KQED (SAN FRANCISCO) -- Carolina De Robertis, a local writer and SFSU professor, is also focused on finding common ground — but among progressives who come from vastly different backgrounds. She hosts a Saturday evening panel titled “Radical Hope: Staying Sane, Awake and Engaged in Dangerous Times,” featuring contributors to the similarly titled, recently published “Radical Hope: Letters of Love and Dissent in Dangerous Times” (De Robertis served as editor). An epistolary collection modeled after James Baldwin’s letter to his nephew, the book includes authors’ letters to their ancestors, friends, partners, siblings and future children about the current state of the country.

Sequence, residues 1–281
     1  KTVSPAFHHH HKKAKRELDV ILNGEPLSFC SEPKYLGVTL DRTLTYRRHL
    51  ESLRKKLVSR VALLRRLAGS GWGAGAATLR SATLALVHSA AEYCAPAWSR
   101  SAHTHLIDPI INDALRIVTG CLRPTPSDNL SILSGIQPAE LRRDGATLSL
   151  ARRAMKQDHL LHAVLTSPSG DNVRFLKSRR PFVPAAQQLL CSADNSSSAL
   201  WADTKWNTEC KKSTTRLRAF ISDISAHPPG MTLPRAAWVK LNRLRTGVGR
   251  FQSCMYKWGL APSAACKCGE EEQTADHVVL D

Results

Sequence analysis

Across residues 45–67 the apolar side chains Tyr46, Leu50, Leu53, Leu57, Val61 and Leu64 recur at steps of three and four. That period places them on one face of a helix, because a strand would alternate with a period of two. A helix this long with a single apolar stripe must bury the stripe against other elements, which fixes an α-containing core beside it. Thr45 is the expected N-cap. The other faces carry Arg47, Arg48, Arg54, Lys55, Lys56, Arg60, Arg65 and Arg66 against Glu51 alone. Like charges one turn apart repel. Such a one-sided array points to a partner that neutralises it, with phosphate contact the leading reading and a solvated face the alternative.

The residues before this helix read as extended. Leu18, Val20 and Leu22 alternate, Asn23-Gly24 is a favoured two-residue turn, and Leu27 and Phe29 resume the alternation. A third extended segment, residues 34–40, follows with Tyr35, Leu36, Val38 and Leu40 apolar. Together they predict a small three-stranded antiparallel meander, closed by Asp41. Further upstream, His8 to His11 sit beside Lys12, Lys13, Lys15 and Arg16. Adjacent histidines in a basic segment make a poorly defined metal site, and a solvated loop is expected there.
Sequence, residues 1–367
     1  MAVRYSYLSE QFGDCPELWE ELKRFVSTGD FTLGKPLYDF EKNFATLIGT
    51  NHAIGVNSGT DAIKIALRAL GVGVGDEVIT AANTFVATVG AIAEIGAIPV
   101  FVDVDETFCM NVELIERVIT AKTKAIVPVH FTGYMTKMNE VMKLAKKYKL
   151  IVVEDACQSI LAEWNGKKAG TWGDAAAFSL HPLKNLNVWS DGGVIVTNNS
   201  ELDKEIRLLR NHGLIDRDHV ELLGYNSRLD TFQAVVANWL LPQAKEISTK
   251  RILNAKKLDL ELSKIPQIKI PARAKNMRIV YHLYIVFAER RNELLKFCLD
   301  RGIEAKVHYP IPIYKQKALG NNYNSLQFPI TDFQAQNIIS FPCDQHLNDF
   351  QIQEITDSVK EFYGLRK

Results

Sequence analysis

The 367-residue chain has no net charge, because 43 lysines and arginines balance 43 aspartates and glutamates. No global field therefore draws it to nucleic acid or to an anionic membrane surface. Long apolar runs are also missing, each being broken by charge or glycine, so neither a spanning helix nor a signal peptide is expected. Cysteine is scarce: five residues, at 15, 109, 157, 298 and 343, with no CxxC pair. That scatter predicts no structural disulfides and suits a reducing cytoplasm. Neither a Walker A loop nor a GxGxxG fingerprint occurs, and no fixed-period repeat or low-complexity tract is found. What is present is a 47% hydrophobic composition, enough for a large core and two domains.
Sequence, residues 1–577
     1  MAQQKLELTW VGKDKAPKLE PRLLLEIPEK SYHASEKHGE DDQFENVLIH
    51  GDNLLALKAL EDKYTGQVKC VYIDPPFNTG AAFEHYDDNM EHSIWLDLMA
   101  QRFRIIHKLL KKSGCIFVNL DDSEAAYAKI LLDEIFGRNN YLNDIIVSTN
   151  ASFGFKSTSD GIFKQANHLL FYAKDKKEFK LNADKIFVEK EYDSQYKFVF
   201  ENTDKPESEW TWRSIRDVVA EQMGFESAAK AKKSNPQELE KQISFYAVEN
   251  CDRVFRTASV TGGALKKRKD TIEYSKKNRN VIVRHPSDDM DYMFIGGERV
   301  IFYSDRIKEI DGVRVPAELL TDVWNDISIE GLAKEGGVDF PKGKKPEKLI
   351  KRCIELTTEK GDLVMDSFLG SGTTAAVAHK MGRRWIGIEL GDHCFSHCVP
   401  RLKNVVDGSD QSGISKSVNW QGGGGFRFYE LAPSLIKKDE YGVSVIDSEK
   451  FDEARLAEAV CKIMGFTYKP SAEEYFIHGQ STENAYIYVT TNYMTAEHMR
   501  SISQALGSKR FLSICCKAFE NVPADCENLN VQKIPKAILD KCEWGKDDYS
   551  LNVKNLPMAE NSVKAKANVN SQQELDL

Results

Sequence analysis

“It’s unapologetically progressive, but at the same time I don’t see it as one-sided at all,” says De Robertis of the collection. “I really wanted to have voices in this book who thought intersectionally — for that to be expressed by juxtaposing these different voices with each other. This is what we look like. This is the United States of America. They’re all coming from different backgrounds, but their voices come together to form a dialogue.”